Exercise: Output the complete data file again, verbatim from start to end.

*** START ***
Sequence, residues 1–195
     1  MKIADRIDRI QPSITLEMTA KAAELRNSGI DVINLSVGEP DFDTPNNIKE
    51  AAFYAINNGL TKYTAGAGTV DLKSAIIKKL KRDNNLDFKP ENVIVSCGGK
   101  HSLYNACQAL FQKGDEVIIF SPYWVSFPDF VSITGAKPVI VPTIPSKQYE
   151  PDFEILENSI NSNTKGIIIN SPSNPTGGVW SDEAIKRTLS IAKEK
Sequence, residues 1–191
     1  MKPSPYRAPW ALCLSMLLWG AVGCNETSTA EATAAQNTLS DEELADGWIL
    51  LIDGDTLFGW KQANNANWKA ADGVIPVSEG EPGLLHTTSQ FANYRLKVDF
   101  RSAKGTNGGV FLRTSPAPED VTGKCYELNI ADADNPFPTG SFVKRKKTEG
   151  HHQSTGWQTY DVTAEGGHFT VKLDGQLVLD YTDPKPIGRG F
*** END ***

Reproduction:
Sequence, residues 1–195
     1  MKIADRIDRI QPSITLEMTA KAAELRNSGI DVINLSVGEP DFDTPNNIKE
    51  AAFYAINNGL TKYTAGAGTV DLKSAIIKKL KRDNNLDFKP ENVIVSCGGK
   101  HSLYNACQAL FQKGDEVIIF SPYWVSFPDF VSITGAKPVI VPTIPSKQYE
   151  PDFEILENSI NSNTKGIIIN SPSNPTGGVW SDEAIKRTLS IAKEK
Sequence, residues 1–191
     1  MKPSPYRAPW ALCLSMLLWG AVGCNETSTA EATAAQNTLS DEELADGWIL
    51  LIDGDTLFGW KQANNANWKA ADGVIPVSEG EPGLLHTTSQ FANYRLKVDF
   101  RSAKGTNGGV FLRTSPAPED VTGKCYELNI ADADNPFPTG SFVKRKKTEG
   151  HHQSTGWQTY DVTAEGGHFT VKLDGQLVLD YTDPKPIGRG F